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Reviewed by Sarah Stuart for Readers' Favorite
Margie Harch opens Your Toolbox by introducing herself. Surprisingly, it was her father she began by regretting had not had access to such a resource. He had been physically abused as a boy, to the extent that he learned to box for self-protection. Further, Margie shares that she adopted a girl from a series of foster homes. Margie now needed a toolbox of her own to cope, so she developed one and wrote about how it can work for everyone who needs it. Your Toolbox is written in seven phases, or sections, that range from “Where Am I”, which asks you to be honest about your present situation and how it is affecting your life, to “Dump Your Bad Tools” – the aim for everyone using Your Toolbox.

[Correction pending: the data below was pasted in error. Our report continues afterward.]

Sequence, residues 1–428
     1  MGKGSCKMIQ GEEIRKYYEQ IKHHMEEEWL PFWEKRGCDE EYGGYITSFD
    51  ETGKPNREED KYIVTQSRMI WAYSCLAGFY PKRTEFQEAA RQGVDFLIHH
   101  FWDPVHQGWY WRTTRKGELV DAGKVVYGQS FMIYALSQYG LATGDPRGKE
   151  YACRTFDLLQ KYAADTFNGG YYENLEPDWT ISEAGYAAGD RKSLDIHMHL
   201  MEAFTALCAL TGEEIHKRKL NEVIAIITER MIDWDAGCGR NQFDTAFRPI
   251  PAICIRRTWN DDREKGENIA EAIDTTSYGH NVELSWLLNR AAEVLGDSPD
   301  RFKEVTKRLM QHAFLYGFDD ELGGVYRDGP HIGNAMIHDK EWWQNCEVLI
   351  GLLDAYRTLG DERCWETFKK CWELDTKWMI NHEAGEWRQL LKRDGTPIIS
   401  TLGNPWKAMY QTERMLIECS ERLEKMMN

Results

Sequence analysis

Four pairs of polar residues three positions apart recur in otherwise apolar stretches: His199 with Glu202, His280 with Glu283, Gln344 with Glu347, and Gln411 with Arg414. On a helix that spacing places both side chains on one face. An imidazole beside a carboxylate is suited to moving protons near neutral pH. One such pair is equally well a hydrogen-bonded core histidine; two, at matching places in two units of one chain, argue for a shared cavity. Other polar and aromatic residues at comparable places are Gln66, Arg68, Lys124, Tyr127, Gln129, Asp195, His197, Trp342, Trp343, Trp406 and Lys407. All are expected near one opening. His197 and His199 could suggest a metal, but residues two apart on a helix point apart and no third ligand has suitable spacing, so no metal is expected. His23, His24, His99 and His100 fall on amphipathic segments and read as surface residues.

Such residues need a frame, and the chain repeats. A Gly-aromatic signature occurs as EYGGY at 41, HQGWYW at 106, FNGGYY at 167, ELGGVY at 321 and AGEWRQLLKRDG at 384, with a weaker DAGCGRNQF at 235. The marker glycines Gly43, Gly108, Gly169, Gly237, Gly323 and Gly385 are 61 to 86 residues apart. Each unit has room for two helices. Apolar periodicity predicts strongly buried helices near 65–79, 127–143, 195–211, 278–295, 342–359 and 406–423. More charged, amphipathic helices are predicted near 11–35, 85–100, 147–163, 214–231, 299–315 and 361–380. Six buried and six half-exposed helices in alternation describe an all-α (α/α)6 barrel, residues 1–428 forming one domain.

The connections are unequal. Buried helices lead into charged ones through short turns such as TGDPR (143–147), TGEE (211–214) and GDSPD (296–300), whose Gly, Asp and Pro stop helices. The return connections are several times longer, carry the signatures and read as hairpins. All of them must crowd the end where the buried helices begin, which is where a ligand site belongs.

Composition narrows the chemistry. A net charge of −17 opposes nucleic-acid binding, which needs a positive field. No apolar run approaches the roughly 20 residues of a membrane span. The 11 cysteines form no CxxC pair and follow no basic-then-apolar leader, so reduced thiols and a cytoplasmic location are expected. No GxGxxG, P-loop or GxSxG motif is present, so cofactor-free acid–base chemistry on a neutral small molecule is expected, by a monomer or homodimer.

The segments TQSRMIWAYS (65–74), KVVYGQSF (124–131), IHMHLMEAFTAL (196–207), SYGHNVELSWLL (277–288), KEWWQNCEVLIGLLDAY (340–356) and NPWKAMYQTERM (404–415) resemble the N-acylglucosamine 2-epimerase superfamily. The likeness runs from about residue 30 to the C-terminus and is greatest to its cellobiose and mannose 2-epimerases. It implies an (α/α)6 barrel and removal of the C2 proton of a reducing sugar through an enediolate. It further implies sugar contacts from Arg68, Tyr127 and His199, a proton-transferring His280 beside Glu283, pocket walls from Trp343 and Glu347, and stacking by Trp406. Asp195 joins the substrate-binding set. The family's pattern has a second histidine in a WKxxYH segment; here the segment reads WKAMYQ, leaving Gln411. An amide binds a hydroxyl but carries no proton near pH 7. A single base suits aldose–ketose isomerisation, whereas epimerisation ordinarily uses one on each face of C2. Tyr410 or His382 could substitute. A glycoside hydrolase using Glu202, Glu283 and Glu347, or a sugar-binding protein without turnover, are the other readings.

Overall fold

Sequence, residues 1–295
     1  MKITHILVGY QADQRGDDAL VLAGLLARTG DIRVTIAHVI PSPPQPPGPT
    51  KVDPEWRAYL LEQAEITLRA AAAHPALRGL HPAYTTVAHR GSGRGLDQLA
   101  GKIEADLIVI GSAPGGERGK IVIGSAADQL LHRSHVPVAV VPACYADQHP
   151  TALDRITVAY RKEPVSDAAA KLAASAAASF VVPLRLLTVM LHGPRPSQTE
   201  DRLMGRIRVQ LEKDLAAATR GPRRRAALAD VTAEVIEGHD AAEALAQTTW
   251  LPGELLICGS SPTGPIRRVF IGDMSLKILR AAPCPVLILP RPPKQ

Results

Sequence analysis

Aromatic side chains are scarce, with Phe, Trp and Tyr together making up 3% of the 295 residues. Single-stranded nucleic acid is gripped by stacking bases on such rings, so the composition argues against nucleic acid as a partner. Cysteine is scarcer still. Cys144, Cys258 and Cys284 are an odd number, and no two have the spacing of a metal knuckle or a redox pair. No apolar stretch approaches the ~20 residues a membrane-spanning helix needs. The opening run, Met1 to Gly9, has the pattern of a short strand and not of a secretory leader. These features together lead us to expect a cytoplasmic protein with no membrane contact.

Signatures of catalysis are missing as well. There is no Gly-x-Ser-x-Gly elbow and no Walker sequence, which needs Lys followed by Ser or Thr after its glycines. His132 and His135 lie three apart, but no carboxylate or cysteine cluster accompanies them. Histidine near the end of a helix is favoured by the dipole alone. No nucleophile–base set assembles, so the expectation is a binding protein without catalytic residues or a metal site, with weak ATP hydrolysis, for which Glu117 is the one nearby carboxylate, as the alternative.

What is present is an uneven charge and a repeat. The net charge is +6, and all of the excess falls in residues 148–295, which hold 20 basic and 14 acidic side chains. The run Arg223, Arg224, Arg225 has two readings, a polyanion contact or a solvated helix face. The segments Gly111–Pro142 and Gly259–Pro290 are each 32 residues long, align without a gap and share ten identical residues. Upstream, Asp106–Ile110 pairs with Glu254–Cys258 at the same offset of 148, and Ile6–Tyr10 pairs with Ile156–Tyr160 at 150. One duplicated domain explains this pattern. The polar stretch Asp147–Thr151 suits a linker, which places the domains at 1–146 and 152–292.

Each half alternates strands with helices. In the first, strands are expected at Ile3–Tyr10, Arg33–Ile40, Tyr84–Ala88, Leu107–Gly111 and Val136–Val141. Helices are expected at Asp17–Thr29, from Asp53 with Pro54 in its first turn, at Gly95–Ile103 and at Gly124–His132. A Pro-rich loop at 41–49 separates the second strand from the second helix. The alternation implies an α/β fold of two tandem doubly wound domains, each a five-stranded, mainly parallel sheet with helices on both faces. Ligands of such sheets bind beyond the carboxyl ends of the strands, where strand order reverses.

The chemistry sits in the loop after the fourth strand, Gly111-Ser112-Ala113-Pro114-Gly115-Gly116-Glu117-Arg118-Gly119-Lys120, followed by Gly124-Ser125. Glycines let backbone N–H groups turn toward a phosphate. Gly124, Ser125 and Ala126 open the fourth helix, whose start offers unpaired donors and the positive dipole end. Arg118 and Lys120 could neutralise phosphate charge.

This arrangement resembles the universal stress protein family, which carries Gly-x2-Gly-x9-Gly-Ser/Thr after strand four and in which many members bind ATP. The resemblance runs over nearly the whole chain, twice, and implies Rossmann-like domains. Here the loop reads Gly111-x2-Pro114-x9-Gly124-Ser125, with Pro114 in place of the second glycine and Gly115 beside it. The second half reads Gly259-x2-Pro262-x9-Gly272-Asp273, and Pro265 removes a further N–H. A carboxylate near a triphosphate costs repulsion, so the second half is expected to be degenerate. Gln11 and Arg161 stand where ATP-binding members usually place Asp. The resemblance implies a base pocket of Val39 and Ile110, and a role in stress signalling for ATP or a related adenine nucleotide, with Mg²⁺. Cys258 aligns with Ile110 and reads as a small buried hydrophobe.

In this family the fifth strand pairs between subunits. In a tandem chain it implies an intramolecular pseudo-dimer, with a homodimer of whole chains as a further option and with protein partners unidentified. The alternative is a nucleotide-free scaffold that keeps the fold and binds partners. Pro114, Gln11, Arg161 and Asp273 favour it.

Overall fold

Your Toolbox is a very practical book but following through the seven phases would take courage. Margie Harch makes this easier in several ways. Introducing herself as a friend and listing her own discoveries (tools), using examples, suggesting sharing your success, and three vivid illustrations. The examples of bad tools, which result in anger, self-loathing, and sadness, included several I wouldn’t have thought of like “believing you are entitled to get what you want” and “lying to yourself”. The last two illustrations sum up Margie’s ideas. One is green with a black lid, dumping bad tools, and the other red and cheerful. She even provides an email address, and who could ask for more? Your ToolBox by Margie Harch is a 5-star book worth reading.